May 13, 2013

Chance-The-Rapper-Acid-RapTosten Burks looks like Arnold Schwarzenegger in the plug-in Hummer.

When you listen to new music every day, it’s easy to be cynical. You’re looking for music to prove itself to you. This is what breeds the sexploitation of cynical music. What critics love the most is counter-traditionalism. Rebellion. The “new.”

But then there’s music with no agenda. Music that’s not responding to anything. Not interacting amidst a blog cycle. Music that’s just living and reacting.

Acid Rap is a great album. (There’s no such thing as a mixtape anymore.) It’s not great for its innovative spin on a genre, or its subversive production, or its ambitious scale. It’s not really a matter of ambition at all. This is a fantastic composition of realism. An exaltation of optimism amidst fear that seeks to do nothing more than do just that – exalt.

Which, if you don’t get why this is fascinating, you’ve missed the whole point of drill rap. You’ve been listening to “Love Sosa” without any understanding of the gravity of the words “Fuckin with them O Boys/You gon’ get fucked over.” The reason Acid Rap is so beautiful is because it’s the rose that grew from concrete.

Chance has put out an album of music that doesn’t try to prove anything. It has no agenda. It’s basically hymnal. A composition that proclaims “That’s love/I love you” over and over and over again as an interlude. Celebration and jubilee.

Which okay, ya, that’s fine and dandy. But is the music good? I could submit so many lines here to advocate for Chance’s Messi linguistics, but I’ll choose one from NaNa: “Fart and get bitch-slapped/Like bourbon mixed with jack/lickety-split/lickety-slipped on a shell, from peelin’ banana split backs/give me my Kit-Kat.”

If you didn’t notice, that was mostly nonsense. Breathtaking verbal exercise for the fun of it. The key phrase is “for the fun of it.” There’s a reason Action Bronson sounds so amused on the back of the same song. The central appeal here is that you can’t not smile.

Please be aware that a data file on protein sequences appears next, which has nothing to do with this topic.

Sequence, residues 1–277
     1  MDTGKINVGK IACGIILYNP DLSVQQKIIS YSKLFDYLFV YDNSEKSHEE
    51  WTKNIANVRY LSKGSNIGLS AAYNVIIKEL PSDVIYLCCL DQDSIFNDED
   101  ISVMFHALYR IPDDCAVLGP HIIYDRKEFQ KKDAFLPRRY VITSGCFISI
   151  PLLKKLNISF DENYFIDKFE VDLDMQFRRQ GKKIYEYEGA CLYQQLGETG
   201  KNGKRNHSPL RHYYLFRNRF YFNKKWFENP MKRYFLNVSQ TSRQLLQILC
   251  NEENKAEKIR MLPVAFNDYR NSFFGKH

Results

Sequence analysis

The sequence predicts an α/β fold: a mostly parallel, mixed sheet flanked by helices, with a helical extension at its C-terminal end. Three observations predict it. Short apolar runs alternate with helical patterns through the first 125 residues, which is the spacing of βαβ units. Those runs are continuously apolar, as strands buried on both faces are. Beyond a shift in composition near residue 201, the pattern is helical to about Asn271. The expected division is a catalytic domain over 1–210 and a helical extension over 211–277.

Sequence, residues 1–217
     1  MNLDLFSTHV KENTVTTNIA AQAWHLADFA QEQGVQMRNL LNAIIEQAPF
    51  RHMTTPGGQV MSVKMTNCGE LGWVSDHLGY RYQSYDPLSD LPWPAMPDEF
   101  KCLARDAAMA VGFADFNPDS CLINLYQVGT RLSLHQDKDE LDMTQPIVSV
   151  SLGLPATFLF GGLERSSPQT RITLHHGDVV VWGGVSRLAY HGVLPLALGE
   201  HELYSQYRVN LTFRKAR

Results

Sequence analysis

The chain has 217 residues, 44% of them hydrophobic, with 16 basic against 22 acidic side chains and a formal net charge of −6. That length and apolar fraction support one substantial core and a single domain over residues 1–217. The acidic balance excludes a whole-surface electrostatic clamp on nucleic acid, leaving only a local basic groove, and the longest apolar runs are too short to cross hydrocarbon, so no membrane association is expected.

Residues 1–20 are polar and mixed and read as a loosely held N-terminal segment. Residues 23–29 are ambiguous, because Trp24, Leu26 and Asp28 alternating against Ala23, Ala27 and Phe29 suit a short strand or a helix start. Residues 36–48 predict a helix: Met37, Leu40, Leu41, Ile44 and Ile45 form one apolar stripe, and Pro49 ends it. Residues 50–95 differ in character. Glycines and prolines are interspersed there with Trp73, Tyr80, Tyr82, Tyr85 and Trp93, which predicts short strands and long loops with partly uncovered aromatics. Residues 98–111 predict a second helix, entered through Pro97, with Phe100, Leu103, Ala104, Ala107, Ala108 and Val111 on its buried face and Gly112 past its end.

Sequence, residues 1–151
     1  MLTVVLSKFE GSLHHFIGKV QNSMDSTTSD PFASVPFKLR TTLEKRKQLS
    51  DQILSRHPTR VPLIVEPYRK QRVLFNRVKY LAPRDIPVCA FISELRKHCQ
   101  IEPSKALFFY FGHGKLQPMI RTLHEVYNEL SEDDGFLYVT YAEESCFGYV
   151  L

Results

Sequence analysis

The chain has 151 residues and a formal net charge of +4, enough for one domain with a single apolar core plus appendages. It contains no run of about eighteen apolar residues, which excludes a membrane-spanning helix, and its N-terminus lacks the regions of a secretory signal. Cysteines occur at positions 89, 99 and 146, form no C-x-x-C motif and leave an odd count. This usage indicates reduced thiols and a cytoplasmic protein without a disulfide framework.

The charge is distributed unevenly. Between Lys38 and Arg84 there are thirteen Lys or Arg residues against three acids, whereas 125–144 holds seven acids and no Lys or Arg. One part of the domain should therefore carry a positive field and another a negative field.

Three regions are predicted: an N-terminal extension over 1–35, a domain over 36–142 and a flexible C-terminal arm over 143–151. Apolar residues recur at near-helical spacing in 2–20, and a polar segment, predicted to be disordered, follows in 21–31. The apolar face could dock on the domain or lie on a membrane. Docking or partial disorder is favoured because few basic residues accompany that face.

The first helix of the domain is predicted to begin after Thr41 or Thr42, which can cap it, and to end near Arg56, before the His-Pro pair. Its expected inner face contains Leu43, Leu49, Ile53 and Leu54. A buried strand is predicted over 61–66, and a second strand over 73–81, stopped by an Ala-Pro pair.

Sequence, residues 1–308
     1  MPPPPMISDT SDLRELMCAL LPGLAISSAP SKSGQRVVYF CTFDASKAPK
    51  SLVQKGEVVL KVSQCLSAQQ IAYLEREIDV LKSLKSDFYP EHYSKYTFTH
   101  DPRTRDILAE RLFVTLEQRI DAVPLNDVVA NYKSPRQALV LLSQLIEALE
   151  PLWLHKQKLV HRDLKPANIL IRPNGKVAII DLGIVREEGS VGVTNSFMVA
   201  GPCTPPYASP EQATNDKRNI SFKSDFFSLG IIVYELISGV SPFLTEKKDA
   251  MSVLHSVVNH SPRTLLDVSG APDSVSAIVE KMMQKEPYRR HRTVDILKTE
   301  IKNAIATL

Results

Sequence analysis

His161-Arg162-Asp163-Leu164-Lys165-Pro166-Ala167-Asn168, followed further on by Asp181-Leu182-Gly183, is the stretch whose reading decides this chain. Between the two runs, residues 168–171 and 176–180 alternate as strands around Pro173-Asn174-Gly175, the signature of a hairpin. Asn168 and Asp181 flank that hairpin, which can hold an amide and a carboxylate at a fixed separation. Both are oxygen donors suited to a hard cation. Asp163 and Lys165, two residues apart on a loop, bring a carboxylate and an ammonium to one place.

Chance has put viral Chicago – including some of his best friends – on his back, legitimized it to everyone, through sheer irresistibility. You can’t help but enjoy the BJ the Chicago Kid flourishes. Or the squealing ad-libs. Or the gracious Nico Segal trumpet lines.

And then there’s a song like “Pusha Man.” Or now are supposed to say “Paranoia feat. Nosaj Thing?” Because the back end is where things get serious.

The back end is where we see the perpetually bright Chance come close to breaking. Spitting that “Down here it’s easier to find a gun that it is to find a fucking parking spot.” Juxtaposing bluesy, jazzy, bouncy summer anthems like “Good Ass Intro,” “Cocoa Butter Kisses,” and “Favorite Song” with “I hope that it storm in the morning/I hope that it’s pouring out,” in a post-Kendrick triumph that, frankly, goes far past “Cloud 9.”

The sun is scary. The kids hit the streets. Spring is a conflict of interest. Transitioning from the bitter cold to… We avoid the thought with songs like “NaNa” and “Juice.”

So those of us with less worries can celebrate alongside the Rapper. Everybody’s somebody’s everything. Nobody’s nothing. Naaah naaah. If anything, revel in the existence of the line, “She had the cleft palate/I ordered chef’s salad.”

Download:
ZIP: Chance the Rapper – Acid Rap (Left-Click)

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